Crusader skeletons discovery sheds new light on the Crusades

A medieval burial pit in Lebanon is shedding new light on the Crusader era in the Middle East.

The Crusades were a series of religious wars that began in the 11th century and lasted until the 13th century when the Christian crusaders were forced out of their last strongholds in what is now Israel and Lebanon.

Scientists studied the DNA of nine Crusaders buried in a 13th-century burial pit near a crusader castle close to the Lebanese city of Sidon. The study, which is published in the American Journal of Human Genetics, found that the Crusaders were genetically diverse and that they had children with the local population.

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Three of the crusaders were European, four were Near Easterners and two had mixed ancestry, according to the researchers.

Chromo illustration (from the Liebig figurine series) of Duke of Lower Lorraine, Goffredo di Buglione (1061 - 1100), Italy, circa 1900. As Goffredo III (between 1089 - 1100), he participated in the first Crusade (1096 - 1099).

Chromo illustration (from the Liebig figurine series) of Duke of Lower Lorraine, Goffredo di Buglione (1061 - 1100), Italy, circa 1900. As Goffredo III (between 1089 - 1100), he participated in the first Crusade (1096 - 1099). (Photo by Fototeca Gilardi/Getty Images)

"Our findings give us an unprecedented view of the ancestry of the people who fought in the Crusader army. And it wasn't just Europeans," said the study’s first authorMarc Haber of the U.K.’s Wellcome Sanger Institute, in a statement. "We see this exceptional genetic diversity in the Near East during medieval times, with Europeans, Near Easterners, and mixed individuals fighting in the Crusades and living and dying side by side."

"We know that Richard the Lionheart went to fight in the Crusades, but we don't know much about the ordinary soldiers who lived and died there, and these ancient samples give us insights into that," said Chris Tyler-Smith, a genetics researcher at the Wellcome Sanger Institute and the study’s senior author.

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However, traces of Crusader DNA are “insignificant” among modern Lebanese people. The researchers noted that other mass migrations, such as the Spanish and Portuguese colonization of South America, have impacted the genetic makeup of those regions.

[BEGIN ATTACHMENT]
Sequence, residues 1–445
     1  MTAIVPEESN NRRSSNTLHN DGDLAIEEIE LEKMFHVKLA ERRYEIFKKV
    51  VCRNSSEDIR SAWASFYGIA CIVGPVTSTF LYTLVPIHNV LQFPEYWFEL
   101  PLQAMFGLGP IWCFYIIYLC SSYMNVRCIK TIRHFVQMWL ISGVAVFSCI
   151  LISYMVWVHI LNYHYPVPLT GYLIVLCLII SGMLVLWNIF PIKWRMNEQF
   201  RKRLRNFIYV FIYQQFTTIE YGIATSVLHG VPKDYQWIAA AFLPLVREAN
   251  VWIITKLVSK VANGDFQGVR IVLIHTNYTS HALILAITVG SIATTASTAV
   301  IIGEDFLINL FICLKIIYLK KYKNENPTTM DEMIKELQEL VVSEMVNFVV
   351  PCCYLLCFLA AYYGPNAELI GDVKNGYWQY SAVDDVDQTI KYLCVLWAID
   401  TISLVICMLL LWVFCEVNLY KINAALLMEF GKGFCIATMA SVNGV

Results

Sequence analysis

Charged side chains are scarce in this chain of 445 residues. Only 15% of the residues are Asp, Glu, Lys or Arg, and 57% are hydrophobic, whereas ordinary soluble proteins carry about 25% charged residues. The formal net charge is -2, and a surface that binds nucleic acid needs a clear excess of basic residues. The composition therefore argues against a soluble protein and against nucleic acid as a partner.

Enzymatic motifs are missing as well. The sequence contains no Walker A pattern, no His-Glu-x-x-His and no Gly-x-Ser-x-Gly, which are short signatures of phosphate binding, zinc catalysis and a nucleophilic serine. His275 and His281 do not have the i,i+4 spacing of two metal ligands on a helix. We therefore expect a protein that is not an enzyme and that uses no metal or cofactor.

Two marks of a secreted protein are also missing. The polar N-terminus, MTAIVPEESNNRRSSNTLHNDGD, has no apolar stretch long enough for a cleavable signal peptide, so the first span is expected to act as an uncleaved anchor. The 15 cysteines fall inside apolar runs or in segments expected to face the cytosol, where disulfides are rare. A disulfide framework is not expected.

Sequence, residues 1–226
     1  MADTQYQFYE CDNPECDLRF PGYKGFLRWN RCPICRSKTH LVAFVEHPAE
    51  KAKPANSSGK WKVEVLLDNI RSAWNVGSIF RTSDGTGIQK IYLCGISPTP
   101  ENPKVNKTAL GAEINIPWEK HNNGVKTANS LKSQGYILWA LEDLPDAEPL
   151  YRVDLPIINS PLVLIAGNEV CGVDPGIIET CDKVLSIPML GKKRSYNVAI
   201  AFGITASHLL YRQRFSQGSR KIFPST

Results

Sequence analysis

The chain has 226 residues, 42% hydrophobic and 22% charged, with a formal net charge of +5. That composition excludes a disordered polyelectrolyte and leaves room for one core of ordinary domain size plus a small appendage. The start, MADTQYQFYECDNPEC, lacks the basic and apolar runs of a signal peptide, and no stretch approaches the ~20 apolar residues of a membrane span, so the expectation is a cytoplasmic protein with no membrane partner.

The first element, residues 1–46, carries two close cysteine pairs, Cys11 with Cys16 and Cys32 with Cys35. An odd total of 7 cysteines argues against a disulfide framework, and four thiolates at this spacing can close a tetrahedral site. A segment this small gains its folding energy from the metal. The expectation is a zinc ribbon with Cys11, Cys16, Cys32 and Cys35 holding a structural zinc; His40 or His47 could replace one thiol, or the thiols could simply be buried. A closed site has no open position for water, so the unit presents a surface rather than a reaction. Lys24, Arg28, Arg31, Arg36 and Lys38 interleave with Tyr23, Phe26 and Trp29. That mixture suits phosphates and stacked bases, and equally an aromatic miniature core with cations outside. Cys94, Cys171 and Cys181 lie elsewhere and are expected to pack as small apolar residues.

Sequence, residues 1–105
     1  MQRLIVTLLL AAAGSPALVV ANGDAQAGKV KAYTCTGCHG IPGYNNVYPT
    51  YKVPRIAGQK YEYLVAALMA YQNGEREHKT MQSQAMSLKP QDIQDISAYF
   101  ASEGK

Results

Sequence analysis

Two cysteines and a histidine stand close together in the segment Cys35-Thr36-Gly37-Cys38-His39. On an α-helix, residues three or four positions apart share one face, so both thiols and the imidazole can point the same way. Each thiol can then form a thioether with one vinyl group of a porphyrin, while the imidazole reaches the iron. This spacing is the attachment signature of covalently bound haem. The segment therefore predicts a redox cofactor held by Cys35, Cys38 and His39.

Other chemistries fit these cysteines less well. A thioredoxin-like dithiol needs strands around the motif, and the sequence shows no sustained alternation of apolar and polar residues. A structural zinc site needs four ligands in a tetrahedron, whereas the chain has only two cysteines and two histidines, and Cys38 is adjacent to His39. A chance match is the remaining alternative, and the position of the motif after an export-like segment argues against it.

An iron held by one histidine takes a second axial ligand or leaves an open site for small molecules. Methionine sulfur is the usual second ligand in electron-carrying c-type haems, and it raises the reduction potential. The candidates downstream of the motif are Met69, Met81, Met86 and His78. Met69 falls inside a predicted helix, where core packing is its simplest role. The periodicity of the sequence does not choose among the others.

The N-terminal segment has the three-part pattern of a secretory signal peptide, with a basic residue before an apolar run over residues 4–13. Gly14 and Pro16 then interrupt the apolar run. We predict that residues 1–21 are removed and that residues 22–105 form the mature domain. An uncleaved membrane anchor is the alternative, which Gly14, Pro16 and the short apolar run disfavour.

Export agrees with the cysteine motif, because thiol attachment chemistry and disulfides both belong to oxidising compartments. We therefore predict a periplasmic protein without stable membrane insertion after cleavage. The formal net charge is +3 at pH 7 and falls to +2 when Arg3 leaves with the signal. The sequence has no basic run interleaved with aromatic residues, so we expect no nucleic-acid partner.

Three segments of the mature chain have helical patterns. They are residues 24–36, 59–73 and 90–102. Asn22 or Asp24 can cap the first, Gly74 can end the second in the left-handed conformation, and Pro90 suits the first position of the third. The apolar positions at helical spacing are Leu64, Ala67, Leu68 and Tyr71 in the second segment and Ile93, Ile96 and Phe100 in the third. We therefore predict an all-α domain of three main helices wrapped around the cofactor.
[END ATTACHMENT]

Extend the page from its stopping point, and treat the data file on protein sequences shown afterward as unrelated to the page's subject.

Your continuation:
The Crusader bones found in the 13th-century burial pit.

The Crusader bones found in the 13th-century burial pit. (Claude Doumet-Serhal)

In contrast, the Crusaders’ relatively short-lived presence in the Middle East, has had less of a genetic impact. "They made big efforts to expel them, and succeeded after a couple of hundred years," said Tyler-Smith.

The scientists found that the DNA of modern Lebanese people has more in common with people living in the region when it was part of the Roman Empire 2,000 years ago.

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Other stunning Crusader-era discoveries have been garnering attention recently. The room venerated as the site of Jesus’ Last Supper, for example, has been revealed in stunning detail thanks to remarkable 3D laser scanning technology. The Cenacle is part of a church built by the Crusaders over an earlier 4th-century Byzantine church.

The bones highlight the Crusaders' genetic diversity.

The bones highlight the Crusaders' genetic diversity. (Claude Doumet-Serhal)

Last year, experts discovered a Gothic hall at a medieval Crusader fortress in northern Israel. The ceremonial hall found in Galilee's Montfort Castle offers a fascinating glimpse into the turbulent Crusader era in the Holy Land, which began in the 11th century and lasted until the 13th century.

In 2017, amazing medieval jewelry was found during the excavation of a Crusader castle on Tittora Hill in the town of Modi’in-Maccabim-Re’ut.

In 2016, a centuries-old hand grenade that may date back to the time of the Crusaders was among a host of treasures retrieved from the sea in Israel. The hand grenade was a common weapon in Israel during the Crusader era.

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Over decades, archaeologists have also uncovered the ruins of the once-thriving Crusader city in the modern Israeli city of Acre.

Follow James Rogers on Twitter @jamesjrogers